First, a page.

“We are all here to thank Her Majesty for her kindness, for her caring and for her reassurance over the years.
“The legacy she left behind is incredible.”
Also in line was Peter Stratford, 70, a former firefighter who was one of the first on the scene of a massive 1992 fire at Windsor Castle, where the Queen will be buried on Monday.
“My ankles hurt me, but it’s a small sacrifice,” he told AFP after standing in line for eight hours.
“I was in tears, emotional… I wouldn’t have missed it.”
Mourners marked their moment in front of the coffin in a variety of ways, from bows or bows to the sign of the cross or simply taking off their hats, an AFP reporter observed within Friday.
Some wiped their tears. Others brought babies in strollers. Old soldiers stopped and saluted their former commander in chief.
In a statement, the queen’s youngest son, Edward, said her passing had left an “unimaginable void”.
“We have been overwhelmed by the wave of emotion that has washed over us and the sheer number of people who have gone out of their way to express their own love, admiration and respect for such a very special and unique person who was always there for us.” ” he said.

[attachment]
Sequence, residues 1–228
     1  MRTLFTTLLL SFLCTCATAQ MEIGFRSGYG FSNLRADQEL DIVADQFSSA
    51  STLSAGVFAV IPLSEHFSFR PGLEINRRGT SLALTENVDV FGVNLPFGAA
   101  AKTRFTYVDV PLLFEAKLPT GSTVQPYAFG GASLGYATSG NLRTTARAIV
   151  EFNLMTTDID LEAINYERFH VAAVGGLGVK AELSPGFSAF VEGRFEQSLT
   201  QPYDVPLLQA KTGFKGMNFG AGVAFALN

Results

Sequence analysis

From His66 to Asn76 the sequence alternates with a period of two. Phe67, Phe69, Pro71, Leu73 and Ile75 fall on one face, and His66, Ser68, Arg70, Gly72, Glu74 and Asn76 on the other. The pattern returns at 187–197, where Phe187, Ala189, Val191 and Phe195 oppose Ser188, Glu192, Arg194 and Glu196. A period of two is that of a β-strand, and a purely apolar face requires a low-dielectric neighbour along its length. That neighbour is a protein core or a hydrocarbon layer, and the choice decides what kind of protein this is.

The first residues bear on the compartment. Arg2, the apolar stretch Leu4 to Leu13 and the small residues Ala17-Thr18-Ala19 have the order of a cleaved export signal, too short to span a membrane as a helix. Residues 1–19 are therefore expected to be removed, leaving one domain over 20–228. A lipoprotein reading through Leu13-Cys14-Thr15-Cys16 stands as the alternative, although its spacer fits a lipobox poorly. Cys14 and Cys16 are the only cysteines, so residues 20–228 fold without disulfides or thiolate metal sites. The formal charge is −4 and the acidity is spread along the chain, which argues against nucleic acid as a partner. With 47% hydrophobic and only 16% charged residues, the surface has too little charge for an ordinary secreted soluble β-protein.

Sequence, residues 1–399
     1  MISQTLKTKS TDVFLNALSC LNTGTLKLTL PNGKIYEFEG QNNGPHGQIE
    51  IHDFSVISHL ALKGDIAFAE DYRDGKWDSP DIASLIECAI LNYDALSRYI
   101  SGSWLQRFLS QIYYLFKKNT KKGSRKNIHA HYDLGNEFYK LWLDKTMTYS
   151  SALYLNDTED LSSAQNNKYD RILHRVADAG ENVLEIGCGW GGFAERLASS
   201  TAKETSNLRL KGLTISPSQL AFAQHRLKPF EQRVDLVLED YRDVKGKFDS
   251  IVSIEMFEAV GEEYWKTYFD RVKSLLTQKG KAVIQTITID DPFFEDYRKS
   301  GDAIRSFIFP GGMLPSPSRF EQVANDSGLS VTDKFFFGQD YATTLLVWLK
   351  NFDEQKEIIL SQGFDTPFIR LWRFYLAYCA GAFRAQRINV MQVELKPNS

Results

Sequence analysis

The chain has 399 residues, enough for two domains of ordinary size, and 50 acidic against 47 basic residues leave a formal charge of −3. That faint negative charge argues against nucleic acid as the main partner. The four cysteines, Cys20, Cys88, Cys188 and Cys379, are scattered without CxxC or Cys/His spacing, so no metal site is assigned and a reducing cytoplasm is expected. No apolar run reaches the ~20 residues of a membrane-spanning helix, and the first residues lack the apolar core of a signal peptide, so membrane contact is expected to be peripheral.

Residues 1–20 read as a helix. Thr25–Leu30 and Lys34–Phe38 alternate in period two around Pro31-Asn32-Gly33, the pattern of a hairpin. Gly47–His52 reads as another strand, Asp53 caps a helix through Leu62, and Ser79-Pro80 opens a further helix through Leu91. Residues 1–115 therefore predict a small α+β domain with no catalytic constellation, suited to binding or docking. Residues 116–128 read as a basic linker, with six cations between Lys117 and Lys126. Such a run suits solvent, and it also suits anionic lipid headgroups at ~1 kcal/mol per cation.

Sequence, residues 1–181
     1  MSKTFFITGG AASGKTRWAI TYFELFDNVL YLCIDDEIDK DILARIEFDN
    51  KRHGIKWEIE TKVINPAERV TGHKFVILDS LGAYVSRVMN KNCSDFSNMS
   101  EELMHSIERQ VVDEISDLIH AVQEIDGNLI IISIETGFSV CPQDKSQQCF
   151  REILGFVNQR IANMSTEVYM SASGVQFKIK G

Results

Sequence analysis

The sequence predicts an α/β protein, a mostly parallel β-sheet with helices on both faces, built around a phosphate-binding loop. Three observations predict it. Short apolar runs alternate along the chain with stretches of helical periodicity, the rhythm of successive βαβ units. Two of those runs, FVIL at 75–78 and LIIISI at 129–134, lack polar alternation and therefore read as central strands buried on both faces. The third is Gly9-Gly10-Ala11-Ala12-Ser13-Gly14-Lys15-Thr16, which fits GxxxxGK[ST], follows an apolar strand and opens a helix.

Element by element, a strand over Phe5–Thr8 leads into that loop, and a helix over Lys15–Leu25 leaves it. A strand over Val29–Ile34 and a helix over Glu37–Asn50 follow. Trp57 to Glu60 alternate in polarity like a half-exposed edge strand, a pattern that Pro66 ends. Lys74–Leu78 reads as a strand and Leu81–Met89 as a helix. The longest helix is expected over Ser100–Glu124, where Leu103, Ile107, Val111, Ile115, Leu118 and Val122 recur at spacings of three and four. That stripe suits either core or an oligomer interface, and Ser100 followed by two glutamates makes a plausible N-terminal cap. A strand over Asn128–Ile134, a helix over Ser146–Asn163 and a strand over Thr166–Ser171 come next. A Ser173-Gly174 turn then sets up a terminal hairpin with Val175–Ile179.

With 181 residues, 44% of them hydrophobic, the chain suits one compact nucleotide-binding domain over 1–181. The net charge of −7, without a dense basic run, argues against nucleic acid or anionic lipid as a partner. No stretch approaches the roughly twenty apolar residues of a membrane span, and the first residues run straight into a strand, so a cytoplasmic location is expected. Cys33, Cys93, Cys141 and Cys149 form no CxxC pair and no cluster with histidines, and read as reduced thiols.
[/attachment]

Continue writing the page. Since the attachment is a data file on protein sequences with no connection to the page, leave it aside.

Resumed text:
“And now we’re here for her, united in sorrow. Thanks for your support. You have no idea how much it means.’
Rowing with China
On Monday, the Queen will be honored at Westminster Abbey with Britain’s first state funeral in nearly six decades, with more than 2,000 expected guests.
After the televised service, the coffin will be transferred by royal hearse to Windsor Castle, west of London, for a private funeral in which the Queen will be buried next to her late husband Prince Philip, her parents and her sister.
Police mount Britain’s largest-ever security operation for the funeral, as dignitaries from around the world fly in.
An official delegation from China has been banned from attending the recumbent state following an intervention by House of Commons Speaker Lindsay Hoyle, parliamentary sources said.
It comes after China has sanctioned several British lawmakers for criticizing its human rights record.
“The British side must uphold both diplomatic courtesy and gracious hospitality,” Mao Ning, a spokeswoman for the Foreign Ministry, told reporters in Beijing.